This spring , Wynn sat Crystal down.
"Before we do anything," she told her, "we have to have special insurance coverage for the day, security for the day. Lots of things we have to have that you don't think about, because you're just thinking about giving people a shower."
Crystal secured another $5,000 from Andrew Swinney, president of the Philadelphia Foundation. She and Wynn decided 100 people would be optimum. She rented the shower trailer, and bought food, clothing, and bus tokens.
Crystal knows the best solution would be to find homes for people. But the homeless often avoid shelters, or any place with strings attached. "Sadly, the need [for showers] is a very real one," said Sister Mary Scullion, founder of Project HOME, focused on breaking the cycle of homelessness. "It's so inspiring to see citizens like Crystal try to address it in some way."
Crystal bought underwear, shorts, shirts, towels, even flip-flops from area stores. She bought cereal, snacks, and dried fruits, and went over on the Saturday before to pack 100 goody bags for the homeless to take with them.
Wynn and her staff and volunteers already had it done.
"She's helped me accomplish my dream," Crystal said. "I think I love that lady now."
Last Tuesday, Crystal and her mother and sister and one of her daughters, Jasmine, hit parks in Center City, handing out invitations designed by her niece and bus tokens to the homeless.
Crystal didn't want to waste them on people who wouldn't come.
"I'm going to come back and get you, right here," she threatened Mel Cruz, homeless since he got out of prison, pulling back her foot to imply a swift kick.
"Size 9," she said. "You better be there."
"I promise," he said.
Cruz did come.
Among about 70 in all.
One man reported that others had sold their tokens for cigarettes.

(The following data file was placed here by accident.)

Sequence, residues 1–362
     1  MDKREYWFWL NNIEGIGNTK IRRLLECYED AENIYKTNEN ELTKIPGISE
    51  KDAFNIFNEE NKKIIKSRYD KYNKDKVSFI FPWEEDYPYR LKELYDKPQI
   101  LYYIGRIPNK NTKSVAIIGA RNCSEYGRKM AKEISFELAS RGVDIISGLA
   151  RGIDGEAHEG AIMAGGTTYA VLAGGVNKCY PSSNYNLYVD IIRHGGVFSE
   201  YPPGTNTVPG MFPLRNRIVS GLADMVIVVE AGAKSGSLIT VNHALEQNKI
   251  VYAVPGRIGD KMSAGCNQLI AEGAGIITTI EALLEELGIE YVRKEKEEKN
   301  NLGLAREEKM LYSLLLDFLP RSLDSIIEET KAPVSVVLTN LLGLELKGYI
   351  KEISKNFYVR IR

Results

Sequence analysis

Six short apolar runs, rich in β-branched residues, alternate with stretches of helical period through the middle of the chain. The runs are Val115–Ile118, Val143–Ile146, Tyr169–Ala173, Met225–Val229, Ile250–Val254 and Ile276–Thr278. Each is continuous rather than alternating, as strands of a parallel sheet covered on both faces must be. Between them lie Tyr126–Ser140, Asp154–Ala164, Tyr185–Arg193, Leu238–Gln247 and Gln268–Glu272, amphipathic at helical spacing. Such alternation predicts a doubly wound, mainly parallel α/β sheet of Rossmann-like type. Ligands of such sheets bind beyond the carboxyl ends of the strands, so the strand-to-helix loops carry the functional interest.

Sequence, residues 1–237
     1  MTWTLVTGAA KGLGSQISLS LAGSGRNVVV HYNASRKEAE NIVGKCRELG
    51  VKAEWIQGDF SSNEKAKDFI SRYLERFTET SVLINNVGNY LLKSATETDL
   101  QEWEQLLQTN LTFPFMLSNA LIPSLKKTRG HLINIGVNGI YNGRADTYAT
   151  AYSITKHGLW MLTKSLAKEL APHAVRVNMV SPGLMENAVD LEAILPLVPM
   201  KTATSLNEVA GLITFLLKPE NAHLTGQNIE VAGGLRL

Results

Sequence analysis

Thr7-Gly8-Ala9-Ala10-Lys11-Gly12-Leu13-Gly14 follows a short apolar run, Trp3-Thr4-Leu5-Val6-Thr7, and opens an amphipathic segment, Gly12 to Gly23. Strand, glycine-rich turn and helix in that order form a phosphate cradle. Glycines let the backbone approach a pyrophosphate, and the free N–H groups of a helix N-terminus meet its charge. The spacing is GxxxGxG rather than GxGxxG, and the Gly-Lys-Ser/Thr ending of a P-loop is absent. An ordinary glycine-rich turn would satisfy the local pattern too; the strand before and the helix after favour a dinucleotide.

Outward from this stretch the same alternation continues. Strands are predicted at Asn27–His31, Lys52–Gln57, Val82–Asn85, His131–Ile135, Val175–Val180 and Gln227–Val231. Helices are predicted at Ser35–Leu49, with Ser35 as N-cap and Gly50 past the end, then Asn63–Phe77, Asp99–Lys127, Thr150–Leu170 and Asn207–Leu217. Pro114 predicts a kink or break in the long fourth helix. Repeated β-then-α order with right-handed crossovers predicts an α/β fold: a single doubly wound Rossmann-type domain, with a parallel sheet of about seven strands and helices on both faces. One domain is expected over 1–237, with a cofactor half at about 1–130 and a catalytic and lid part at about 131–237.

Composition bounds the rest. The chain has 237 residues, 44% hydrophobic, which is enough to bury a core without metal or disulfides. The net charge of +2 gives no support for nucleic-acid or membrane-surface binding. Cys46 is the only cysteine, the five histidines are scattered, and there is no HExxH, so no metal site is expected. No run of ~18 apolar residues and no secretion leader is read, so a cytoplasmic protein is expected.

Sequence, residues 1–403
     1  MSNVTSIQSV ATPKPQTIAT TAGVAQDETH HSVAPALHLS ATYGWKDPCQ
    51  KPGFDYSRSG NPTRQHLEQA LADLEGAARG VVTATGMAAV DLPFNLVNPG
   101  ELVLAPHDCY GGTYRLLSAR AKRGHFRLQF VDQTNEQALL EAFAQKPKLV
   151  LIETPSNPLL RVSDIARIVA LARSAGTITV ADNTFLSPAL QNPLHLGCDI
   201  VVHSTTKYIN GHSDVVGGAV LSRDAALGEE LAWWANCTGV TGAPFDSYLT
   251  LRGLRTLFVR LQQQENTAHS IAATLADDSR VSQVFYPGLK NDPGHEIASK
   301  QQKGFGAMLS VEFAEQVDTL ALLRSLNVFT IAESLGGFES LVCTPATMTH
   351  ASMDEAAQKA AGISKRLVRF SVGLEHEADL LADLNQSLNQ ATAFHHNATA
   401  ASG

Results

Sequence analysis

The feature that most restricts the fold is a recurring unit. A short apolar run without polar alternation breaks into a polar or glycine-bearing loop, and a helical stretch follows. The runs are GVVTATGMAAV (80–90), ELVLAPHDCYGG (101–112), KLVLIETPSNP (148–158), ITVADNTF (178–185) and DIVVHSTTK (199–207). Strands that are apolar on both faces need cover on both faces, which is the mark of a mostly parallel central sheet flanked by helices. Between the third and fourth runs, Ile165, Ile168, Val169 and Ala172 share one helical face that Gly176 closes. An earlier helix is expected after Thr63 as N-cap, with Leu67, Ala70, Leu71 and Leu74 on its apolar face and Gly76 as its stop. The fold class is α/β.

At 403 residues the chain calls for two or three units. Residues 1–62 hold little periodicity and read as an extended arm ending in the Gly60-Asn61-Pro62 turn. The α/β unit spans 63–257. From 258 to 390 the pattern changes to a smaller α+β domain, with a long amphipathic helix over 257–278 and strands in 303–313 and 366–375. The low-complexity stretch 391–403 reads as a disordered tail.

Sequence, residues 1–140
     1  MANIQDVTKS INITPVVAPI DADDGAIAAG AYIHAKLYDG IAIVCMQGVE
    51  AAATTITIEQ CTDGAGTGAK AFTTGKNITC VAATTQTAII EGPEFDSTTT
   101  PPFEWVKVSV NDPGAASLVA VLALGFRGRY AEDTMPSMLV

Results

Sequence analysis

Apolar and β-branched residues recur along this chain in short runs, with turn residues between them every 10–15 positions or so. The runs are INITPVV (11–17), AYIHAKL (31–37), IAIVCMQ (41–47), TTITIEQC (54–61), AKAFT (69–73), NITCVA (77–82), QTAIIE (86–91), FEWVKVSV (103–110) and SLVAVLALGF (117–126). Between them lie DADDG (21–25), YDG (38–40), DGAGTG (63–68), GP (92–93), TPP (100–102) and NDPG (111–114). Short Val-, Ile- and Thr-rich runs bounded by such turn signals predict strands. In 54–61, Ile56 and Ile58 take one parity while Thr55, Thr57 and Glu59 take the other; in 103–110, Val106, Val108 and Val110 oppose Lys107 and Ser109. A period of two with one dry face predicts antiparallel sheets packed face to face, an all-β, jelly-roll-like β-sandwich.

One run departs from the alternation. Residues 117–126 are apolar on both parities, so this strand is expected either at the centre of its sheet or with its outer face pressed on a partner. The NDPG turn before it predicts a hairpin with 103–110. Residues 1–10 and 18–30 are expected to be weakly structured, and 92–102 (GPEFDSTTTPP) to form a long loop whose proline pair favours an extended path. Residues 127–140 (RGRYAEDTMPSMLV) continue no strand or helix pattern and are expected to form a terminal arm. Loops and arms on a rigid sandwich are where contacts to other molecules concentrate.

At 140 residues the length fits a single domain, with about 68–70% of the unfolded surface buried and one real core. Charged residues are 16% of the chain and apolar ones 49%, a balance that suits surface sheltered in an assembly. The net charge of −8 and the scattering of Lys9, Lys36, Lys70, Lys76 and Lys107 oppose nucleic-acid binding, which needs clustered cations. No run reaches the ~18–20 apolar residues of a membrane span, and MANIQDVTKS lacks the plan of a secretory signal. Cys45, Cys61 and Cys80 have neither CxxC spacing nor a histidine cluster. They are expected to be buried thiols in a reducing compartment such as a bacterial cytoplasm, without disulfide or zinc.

Those who came were glad.
"I feel more human now," said Danny Gates, 45, who sleeps on a box. Everywhere he goes, he pushes his partner, Penny Mickey, 46, in her wheelchair.
"Nice hot shower!" she gushed. "And it didn't run out of water."
By noon, hot lunch arrived - fried chicken, coleslaw, macaroni salad, bananas, cookies, rolls, and water, plates as high as one could pile them.
Clean and fed, the homeless headed to the bus stop carrying two grocery bags apiece.
Many hugged Crystal in gratitude.
Crystal saw the joy, the good, and she felt good. And each year, she learns.
She drove down to Center City on Wednesday evening and gave away all the leftover food, much of it going to people who had sold her tokens.
Last week, Levy read about a mobile shower bus in San Francisco, run by a group called Lava Mae, that had just started up. A city bus retrofitted with showers goes to where the homeless are. Levy sent Crystal an article about the bus and the woman who founded the organization.
"Maybe this should be the goal for us after the Wash Water Wednesday event," he e-mailed.
Crystal, who drove a SEPTA bus before she quit to care for her disabled children, replied:
"Wow. This is my vision and I guess hers as well."
Levy, who was out of town and missed Wash Water Wednesday, wrote afterward to Crystal and to Wynn that he'd love to see "a Shower Bus for Philly, with Crystal behind the wheel!"
See the 2006 Inquirer article about Crystal Brown at http://goo.gl/iAY67T